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The World Health Organization defines health as "a state of complete physical, mental, and social well-being and not merely the absence of disease or infirmity."1 In the past, measures of success in treating medical illness have been thought of in terms of freedom of disease or identifiable quantifiable endpoints, such as serum glucose, systolic blood pressure, or seizures.2 However, recently, there has been an emergence of interest in measuring health-related quality of life (HRQOL), a valid and significant indicator of health in patients with disease. This idea has been studied over the past decade and applied to develop reliable and valid measures of function and well-being for use in patients with epilepsy.3 This concept especially pertains to chronic epilepsy, where though many treating clinicians focus on treating the ictal phenomenon of the disease, namely seizures, the disease itself carries a multitude of clinically relevant interictal comorbidities that affects patients' overall HRQOL.

Indeed, this concept is not specifically inclusive to adults, as the negative impact on quality of life in children is common, and typically manifests with impaired social functioning, peer relationships, self-esteem, mood, and academic performance.4,5,6,7 In addition, epilepsy can have a negative impact on not only the many aspects of a child's life but also on his or her family as well.6,8,9,10 Issues with subjective health status can be especially challenging for children living with epilepsy, because the maturation of a healthy self-identity is recognized as a fundamental task in a child's development.11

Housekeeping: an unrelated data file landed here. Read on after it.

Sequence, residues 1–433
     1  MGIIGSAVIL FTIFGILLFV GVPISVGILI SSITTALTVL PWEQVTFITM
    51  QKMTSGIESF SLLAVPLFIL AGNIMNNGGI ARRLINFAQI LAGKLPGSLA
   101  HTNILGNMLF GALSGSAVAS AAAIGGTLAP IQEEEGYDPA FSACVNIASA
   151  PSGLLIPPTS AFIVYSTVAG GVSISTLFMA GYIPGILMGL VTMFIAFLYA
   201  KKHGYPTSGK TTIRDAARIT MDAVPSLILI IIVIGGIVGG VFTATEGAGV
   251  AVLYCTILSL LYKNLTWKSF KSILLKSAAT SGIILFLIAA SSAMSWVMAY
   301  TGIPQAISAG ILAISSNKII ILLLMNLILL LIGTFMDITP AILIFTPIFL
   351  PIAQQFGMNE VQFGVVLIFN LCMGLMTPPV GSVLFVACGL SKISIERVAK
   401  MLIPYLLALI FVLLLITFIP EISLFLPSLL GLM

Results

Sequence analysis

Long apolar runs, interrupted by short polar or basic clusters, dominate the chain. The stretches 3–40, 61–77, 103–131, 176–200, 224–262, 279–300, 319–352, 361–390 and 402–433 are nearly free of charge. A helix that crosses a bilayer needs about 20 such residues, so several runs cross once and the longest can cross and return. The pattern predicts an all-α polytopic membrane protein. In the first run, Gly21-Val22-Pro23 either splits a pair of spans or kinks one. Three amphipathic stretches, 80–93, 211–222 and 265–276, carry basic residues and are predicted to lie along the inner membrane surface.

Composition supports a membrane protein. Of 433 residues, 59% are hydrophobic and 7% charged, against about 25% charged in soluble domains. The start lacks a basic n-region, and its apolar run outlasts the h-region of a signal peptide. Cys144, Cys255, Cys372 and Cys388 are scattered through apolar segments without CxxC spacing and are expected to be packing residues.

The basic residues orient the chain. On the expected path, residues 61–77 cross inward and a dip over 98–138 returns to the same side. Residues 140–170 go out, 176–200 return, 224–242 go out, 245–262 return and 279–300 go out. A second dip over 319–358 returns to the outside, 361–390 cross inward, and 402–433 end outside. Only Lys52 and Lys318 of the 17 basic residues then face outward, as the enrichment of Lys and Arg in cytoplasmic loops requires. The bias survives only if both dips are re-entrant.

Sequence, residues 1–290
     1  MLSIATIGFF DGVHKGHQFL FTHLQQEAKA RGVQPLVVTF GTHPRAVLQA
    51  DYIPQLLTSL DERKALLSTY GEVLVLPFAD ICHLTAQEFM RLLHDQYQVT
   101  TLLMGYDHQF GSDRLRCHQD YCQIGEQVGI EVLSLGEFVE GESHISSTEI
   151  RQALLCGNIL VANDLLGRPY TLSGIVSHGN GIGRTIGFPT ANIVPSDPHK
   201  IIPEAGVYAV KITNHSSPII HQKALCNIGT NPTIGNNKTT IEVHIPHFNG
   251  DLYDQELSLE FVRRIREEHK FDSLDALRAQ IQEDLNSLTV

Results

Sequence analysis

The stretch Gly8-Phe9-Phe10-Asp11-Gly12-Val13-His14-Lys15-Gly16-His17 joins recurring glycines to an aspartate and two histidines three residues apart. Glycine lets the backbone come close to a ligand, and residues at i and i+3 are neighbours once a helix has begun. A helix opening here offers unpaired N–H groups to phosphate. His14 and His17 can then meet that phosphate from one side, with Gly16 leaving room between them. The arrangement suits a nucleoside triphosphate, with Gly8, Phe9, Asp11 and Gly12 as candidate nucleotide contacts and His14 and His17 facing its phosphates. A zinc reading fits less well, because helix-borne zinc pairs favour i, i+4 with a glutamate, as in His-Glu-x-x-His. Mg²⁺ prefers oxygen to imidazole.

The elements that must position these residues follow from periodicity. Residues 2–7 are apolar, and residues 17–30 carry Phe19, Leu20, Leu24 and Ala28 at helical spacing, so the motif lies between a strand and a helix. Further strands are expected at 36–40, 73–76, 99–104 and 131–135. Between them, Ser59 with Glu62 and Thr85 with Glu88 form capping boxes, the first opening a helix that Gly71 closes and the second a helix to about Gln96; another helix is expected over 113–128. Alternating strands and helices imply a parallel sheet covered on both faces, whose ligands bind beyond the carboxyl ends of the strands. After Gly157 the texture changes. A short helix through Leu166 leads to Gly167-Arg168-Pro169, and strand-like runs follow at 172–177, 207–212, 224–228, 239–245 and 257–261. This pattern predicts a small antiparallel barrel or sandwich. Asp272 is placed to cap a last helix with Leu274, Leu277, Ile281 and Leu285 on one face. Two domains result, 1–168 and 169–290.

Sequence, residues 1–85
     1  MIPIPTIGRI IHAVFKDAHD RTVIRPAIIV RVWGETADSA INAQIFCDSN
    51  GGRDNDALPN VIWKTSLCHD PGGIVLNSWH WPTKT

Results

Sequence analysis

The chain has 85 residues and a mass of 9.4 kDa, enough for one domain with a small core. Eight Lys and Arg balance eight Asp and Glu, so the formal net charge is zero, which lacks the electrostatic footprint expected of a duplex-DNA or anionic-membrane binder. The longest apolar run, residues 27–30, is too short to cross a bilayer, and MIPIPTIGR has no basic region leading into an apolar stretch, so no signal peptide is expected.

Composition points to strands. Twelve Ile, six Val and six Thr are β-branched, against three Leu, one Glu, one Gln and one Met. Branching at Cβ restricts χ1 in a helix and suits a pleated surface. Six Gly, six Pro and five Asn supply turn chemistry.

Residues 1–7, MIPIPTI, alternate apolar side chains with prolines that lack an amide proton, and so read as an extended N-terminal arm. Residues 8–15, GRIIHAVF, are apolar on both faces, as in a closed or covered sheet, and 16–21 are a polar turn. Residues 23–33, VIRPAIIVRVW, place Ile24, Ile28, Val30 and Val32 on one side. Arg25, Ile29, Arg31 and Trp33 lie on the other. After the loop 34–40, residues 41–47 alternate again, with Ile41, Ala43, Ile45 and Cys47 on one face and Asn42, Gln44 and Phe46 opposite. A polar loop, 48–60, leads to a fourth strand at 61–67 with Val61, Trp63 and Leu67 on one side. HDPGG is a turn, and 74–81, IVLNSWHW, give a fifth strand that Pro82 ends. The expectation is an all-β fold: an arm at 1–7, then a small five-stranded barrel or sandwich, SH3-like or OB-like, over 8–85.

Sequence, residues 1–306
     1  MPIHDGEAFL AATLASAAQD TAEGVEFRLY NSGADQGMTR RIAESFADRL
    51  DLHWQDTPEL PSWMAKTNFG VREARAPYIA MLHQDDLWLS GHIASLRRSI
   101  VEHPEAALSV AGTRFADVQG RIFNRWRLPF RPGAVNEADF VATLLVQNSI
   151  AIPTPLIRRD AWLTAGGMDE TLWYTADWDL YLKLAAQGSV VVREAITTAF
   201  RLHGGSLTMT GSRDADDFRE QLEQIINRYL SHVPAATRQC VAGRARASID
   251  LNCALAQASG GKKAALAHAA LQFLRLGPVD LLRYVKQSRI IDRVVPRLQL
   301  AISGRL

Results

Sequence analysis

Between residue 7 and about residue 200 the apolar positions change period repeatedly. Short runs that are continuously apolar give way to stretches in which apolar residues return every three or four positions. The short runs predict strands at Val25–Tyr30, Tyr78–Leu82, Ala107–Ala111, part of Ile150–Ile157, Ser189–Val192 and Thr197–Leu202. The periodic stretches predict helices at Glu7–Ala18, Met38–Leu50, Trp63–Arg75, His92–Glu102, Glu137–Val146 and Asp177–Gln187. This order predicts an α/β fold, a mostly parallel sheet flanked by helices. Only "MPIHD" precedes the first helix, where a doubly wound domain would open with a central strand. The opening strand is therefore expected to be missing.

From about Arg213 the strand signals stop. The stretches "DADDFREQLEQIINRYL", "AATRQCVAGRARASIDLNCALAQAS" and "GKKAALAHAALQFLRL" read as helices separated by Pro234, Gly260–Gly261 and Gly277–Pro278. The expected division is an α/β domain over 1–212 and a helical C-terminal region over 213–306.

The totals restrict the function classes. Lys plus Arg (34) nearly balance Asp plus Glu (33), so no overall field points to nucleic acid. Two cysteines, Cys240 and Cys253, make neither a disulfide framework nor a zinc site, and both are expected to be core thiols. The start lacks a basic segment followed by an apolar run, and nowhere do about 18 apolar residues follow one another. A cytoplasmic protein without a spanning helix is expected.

There has been increased focus concerning HRQOL and epilepsy in children over the past decade. Most of these studies used various standardized measures to systematically investigate the various aspects that contribute to HRQOL.12,13,14,15,16,17,18,19,20,21,22 However, many studies did not analyze qualitative measures, and were thus unsuccessful in investigating subjective health status by direct exploration of children's views.23

This review will examine the contribution and impact of different forms of comorbidity on overall health status in children in epilepsy. We will discuss neurpopsychiatric comorbidity, medication effects, seizure burden, and outcomes of epilepsy surgery pertaining to overall HRQOL.


Depression is the most common comorbid psychiatric disorder in patients with epilepsy.24 Extensive literature has indicated that depression is a frequent complication of chronic epilepsy.25,26,27,28,29 However, symptoms of psychological distress are often unrecognized by clinicians treating children with epilepsy.28,29 There are a variety of potential causes of depression in children with epilepsy. For example, depression may be reactive and secondary to being diagnosed with a chronic, debilitating condition.30 Psychosocial factors, such as perceived social ...

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